US Senators pass divestment-or-ban bill on TikTok

The immensely popular social media app to be banned if Chinese parent company ByteDance does not sell it

US ban on TikTok

The U.S. Senate recently passed significant legislation that targets TikTok by demanding its Chinese owner, ByteDance, either sell the app or face a comprehensive ban within the United States. This decisive action came after years of escalating concerns among U.S. lawmakers about the potential for Chinese access to American users' data and the possibility of surveillance through the app.

The bill cleared the Senate with a substantial majority and previously, the House of Representatives had shown similar support. With President Joe Biden's endorsement and his commitment to sign it into law, the legislation reflects a strong bipartisan consensus on the issue.

Key proponents of the bill have expressed that forcing a divestment of TikTok is a crucial step in severing the ties it has with the Chinese government, which they deem a necessary move for safeguarding American digital sovereignty.

Fears for national security and geopolitical situation

The legislative push against TikTok (used by 170 million Americans) aligns with the U.S.'s broader geopolitical strategy, particularly highlighting the technological tug-of-war with China. Senator Marco Rubio, a leading voice on the Senate Intelligence Committee, has pointedly criticized past U.S. policy approaches, stating:[1]

For years we've allowed the Chinese Communist party to control one of the most popular apps in America that was dangerously shortsighted. A new law is going to require its Chinese owner to sell the app. This is a good move for America.

His comments reflect a consensus among U.S. lawmakers that Chinese control over such a widely used platform poses unacceptable risks.

The Chinese Foreign Ministry cited earlier criticisms made when the House passed a similar bill earlier in response to the Senate's vote. Asserting that “the U.S. has never found any evidence of TikTok posing a threat to the U.S.'s national security, it has never stopped going after TikTok,” the Ministry has repeatedly maintained that the U.S. has not proven its security claims against the platform.[2] This demonstrates the continued rift between Washington and Beijing as the US moves forcefully to reduce perceived risks from Chinese technology companies.

This legislation was strategically included in a vital foreign aid package, ensuring its passage by tying it to critical international support measures for Ukraine, Israel, and Taiwan. Such strategic legislative maneuvering underscores the importance of the issue within U.S. foreign policy objectives.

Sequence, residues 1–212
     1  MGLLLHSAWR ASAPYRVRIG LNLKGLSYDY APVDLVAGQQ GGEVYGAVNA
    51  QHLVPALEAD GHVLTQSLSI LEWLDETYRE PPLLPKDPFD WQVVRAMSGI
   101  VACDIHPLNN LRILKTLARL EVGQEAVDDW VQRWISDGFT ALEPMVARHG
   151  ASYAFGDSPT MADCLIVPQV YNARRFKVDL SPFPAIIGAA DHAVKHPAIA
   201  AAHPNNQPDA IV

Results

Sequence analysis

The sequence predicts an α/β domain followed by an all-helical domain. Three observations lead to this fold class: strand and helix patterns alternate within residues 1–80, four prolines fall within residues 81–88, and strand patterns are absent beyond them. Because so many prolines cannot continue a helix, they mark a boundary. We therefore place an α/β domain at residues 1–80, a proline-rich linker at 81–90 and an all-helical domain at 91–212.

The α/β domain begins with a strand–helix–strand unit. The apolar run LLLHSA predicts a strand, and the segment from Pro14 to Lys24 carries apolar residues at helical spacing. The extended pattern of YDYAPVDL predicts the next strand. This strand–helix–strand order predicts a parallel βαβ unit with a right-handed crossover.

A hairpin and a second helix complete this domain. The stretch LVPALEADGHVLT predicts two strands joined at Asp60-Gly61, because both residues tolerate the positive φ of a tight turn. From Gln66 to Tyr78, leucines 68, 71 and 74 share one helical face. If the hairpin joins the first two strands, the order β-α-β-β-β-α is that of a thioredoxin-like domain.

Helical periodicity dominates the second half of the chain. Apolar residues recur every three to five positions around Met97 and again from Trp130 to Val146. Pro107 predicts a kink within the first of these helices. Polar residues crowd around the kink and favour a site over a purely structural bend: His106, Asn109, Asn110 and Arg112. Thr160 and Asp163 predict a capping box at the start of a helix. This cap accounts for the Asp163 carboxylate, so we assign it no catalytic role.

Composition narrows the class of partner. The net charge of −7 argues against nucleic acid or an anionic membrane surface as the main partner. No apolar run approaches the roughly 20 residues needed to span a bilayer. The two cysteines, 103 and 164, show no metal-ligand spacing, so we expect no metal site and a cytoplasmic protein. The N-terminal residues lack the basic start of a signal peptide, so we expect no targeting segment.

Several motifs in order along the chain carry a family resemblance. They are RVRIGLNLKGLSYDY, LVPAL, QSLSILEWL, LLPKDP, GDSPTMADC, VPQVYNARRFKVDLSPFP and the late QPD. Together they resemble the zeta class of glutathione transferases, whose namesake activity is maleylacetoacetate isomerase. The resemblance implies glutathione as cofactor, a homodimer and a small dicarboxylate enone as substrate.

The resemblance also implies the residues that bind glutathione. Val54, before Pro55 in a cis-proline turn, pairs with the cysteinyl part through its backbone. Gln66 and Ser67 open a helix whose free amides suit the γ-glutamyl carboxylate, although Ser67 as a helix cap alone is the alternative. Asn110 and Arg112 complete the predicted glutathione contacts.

Moreover, this battle over TikTok is part of a broader conflict over internet and technology governance, exemplified last week when Apple announced that Beijing had ordered it to remove apps like WhatsApp and Threads from its store in China due to national security concerns. This ongoing “war” over technology reflects deeper issues of digital sovereignty and global power dynamics between the U.S. and China.

Opposers have major concerns over government control and free speech

The directive for ByteDance to divest TikTok could lead to one of the most complex transactions in tech history, given the app's massive user base and operational scale. If ByteDance fails to meet the divestment deadline, TikTok could be effectively banned from major app stores and lose web hosting in the U.S.

This move has sparked significant backlash, including from entities like the American Civil Liberties Union, which argues that such a ban sets a troubling precedent for excessive government control over social media.[3]

TikTok also plans to challenge the bill on First Amendment grounds, reflecting a broader debate over free speech[4] and regulation of digital platforms.

Critics, including some U.S. senators, fear that the bill grants overly broad authority, potentially threatening Americans' First Amendment rights and setting a global precedent that other nations might follow, thereby impacting digital freedom worldwide.

About the author
Ugnius Kiguolis
Ugnius Kiguolis - The mastermind

Ugnius Kiguolis is a professional malware analyst who is also the founder and the owner of 2-Spyware. At the moment, he takes over as Editor-in-chief.

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